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Morning Headlines: COVID Cases Plateau; Half a Million Vaccine Doses Coming Next Week

The dashboard of key indicators for COVID-19 in the state of Ohio.
OHIO DEPARTMENT OF HEALTH
New coronavirus cases in Ohio remain flat at around 1,500 per day. The transmission rate remains around 147 per 100,000 people on average, a slight uptick.

Here are your morning headlines for Friday, March 26:

  • COVID cases plateau
  • Half a million vaccine doses coming next week
  • Ohio to post list of long-term care facilities not disclosing vaccine info
  • State partners with Google to combat unemployment fraud
  • Lawmakers repeal tainted nuclear plant bailout
  • 6 Ohio officers ordered to cooperate with protest probe
  • United Airlines adds flights from Cleveland

COVID cases plateau
New coronavirus cases in Ohio remain flat at around 1,500 per day. The transmission rate remains around 147 per 100,000 people on average, a slight uptick. Gov. Mike DeWine has set the goal of 50 per 100,000 for two weeks to lift all statewide health orders. Currently just two Ohio counties are below that rate. Fifty-five counties are listed in red on the state’s alert map, which is the lowest number since October 29. But case rates were up in 52 of 88 counties.

Half a million vaccine doses coming next week
Gov. Mike DeWine says around 25% of Ohioans have been vaccinated, and 70% of people over 70 have received at least one shot. Ohio is set to receive more than 570,000 vaccine doses next week, the highest amount the state has received so far. That comes as all Ohioans 16 and older can register for vaccines beginning Monday. Eleven stationary sites, four mobile clinics and 1,300 providers are distributing the shots.

Ohio to post list of long-term care facilities not disclosing vaccine info
Gov. Mike DeWine says he’ll make public a list of nursing homes and assisted living facilities that have not asked for the vaccine or said that their staff and residents have been vaccinated. DeWine said 90% of all nursing home residents have been vaccinated since they were among the first to get access in December. The numbers are lower for staff. DeWine said the state has been through its more than 900 nursing homes and over 700 assisted living facilities three times, to make sure people who missed the vaccine got it. And he said the state has set up a vaccine maintenance program to get shots into nursing homes for new residents and staff, or for those who want it but haven't been able to receive it. But DeWine said some facilities have not let the state know whether they need the vaccine or made their own arrangements, though they've been asked repeatedly. A list of 56 nursing homes and 158 assisted living facilities that haven't notified the state is posted here.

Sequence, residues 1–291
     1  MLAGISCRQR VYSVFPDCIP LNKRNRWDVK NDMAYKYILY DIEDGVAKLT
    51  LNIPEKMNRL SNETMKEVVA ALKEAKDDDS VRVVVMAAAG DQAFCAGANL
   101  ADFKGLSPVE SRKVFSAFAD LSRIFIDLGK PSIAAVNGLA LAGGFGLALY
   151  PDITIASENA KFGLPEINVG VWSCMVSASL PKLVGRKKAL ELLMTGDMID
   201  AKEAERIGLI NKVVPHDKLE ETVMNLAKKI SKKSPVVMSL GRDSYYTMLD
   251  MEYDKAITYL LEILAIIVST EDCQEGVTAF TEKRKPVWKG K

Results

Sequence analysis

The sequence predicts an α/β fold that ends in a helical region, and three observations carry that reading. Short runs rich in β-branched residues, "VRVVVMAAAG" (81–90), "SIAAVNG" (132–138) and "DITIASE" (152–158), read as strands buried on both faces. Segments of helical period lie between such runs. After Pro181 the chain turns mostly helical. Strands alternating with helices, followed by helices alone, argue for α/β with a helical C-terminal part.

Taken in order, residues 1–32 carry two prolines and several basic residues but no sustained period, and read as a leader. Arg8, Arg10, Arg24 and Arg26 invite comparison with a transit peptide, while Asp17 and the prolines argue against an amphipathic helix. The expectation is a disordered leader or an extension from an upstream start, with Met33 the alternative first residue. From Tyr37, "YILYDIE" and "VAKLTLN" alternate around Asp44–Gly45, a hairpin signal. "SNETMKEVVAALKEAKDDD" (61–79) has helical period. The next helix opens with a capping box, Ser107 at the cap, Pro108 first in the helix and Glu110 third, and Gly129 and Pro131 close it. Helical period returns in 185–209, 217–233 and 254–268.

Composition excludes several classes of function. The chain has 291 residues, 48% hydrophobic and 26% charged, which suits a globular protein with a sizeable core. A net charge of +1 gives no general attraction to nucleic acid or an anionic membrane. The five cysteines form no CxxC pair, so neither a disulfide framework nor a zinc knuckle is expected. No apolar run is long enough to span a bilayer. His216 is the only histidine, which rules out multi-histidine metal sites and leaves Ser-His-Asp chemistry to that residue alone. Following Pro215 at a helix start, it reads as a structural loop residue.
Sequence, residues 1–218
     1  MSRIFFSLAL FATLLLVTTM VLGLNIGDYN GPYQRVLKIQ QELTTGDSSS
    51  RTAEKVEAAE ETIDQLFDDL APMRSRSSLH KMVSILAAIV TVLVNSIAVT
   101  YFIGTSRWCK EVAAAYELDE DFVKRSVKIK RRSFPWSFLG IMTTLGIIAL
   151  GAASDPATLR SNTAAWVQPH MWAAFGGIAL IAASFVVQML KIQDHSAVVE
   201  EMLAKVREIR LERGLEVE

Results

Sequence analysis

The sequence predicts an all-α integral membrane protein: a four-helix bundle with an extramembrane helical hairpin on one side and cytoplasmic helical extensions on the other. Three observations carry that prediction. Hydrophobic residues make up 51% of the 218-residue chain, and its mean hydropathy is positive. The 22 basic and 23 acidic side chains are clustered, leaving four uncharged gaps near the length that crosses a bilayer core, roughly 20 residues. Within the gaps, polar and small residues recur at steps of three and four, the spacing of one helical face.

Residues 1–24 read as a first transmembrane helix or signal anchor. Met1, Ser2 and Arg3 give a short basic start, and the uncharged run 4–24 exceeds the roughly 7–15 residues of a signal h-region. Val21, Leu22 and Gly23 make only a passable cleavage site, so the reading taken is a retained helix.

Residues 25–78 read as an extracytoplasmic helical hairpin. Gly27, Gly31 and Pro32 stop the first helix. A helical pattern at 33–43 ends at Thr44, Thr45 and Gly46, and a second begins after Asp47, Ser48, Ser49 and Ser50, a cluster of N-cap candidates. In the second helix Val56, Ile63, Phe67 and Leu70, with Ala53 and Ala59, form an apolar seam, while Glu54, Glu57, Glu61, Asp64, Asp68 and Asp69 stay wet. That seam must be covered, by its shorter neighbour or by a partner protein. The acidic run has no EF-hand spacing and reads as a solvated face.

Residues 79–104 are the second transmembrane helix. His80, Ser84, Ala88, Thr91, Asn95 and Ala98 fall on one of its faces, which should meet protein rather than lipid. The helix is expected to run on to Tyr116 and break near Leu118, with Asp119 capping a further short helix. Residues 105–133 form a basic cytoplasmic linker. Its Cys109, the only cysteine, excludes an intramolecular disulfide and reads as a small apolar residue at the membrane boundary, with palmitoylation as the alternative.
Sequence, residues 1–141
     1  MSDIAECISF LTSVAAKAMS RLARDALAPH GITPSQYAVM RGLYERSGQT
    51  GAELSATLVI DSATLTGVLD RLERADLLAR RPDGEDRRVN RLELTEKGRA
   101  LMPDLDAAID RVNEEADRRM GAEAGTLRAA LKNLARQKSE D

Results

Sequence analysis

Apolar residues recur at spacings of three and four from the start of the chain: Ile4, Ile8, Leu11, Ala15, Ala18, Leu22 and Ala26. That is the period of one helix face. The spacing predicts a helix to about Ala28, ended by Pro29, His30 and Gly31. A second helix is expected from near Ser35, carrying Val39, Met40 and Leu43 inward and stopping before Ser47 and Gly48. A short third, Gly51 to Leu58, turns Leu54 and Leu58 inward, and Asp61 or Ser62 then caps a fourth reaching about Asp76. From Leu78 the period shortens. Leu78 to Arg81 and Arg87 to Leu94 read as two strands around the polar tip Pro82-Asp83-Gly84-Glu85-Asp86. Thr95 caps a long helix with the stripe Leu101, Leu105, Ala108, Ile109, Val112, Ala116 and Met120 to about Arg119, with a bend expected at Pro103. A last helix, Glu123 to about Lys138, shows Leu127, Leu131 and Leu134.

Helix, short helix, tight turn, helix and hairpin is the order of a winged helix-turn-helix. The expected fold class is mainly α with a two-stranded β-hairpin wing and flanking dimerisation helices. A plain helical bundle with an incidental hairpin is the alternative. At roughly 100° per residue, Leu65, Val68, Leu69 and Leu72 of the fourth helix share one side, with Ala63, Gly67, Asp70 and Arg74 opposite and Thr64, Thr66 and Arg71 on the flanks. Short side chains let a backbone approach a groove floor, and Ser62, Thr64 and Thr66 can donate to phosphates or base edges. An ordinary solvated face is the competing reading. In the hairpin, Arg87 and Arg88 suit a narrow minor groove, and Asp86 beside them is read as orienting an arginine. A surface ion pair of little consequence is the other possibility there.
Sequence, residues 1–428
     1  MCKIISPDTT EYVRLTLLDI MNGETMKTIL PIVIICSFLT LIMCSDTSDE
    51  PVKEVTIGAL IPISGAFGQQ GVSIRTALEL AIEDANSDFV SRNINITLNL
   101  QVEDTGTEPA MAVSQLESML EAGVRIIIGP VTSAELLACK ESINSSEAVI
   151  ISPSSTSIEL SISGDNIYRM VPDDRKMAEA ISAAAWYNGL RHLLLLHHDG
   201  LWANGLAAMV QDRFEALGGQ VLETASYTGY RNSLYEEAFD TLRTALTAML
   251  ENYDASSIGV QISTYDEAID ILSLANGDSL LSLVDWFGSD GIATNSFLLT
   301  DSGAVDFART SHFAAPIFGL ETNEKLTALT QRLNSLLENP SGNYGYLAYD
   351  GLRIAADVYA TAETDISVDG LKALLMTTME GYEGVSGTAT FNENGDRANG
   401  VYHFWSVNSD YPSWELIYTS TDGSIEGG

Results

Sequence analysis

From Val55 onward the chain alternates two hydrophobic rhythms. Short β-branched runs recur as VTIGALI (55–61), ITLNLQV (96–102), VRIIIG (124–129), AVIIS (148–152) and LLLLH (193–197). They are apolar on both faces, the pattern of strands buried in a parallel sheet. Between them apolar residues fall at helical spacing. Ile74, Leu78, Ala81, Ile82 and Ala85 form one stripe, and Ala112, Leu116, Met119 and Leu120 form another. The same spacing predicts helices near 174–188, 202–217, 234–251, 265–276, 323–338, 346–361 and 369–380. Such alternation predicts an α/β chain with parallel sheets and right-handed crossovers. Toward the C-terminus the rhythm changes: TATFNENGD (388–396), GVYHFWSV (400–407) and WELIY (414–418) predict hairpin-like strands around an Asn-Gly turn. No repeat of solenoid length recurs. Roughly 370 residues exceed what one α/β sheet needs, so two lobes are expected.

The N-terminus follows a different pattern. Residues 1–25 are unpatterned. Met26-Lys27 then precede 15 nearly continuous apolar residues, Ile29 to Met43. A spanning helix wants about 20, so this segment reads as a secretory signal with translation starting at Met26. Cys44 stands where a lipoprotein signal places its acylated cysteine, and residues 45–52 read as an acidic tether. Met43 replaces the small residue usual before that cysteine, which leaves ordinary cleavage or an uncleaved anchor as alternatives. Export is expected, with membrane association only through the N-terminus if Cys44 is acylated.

State partners with Google to combat unemployment fraud
The state has partnered with Google to conduct data analysis on all outstanding unemployment claims to look for fraud markers and pull those claims. Gov. Mike DeWine also said Thursday that former U.S. Attorney for the Southern District of Ohio David DeVillers will join the investigation along with the Ohio Department of Job and Family Services. The state has paid out more than $330 million in fraudulent unemployment benefits as of February. About 7,400 were flagged for potential fraud in just the last week.

Lawmakers repeal tainted nuclear plant bailout
Ohio lawmakers have voted to repeal the $1 billion bailout of Ohio’s two nuclear plants at the center of a federal corruption probe. The bill that overwhelmingly passed both chambers also repeals a separate “decoupling” subsidy that allows Akron-based FirstEnergy to collect additional rate payer fees. The repeal comes eight months after former Republican House speaker Larry Householder and four associates were arrested by FBI agents for allegedly funneling $60 million in dark money into a campaign to pass the bailout. The repeal leaves in place provisions that gut Ohio’s renewable energy goals, and retains subsidies for two coal-fired power plants, but adds subsidies for six solar power projects. Gov. Mike DeWine is expected to sign the bill.

6 Ohio officers ordered to cooperate with protest probe
Six Columbus police officers have been ordered by the city to cooperate with an investigation into police violence during last year’s anti-racism protests. A retired FBI agent was hired to investigate the allegations. He says the six officers are not suspected of wrongdoing but are considered witnesses needed to prosecute potential crimes. The city's Department of Public Safety says statements by the officers can't be used against them.

United Airlines adds flights from Cleveland
United Airlines is adding summer service from Cleveland Hopkins to Pensacola, Florida; Portland, Maine; Myrtle Beach, Charleston and Hilton Head, South Carolina. The new flights from Cleveland will start May 27 and will run three times per week through Labor Day.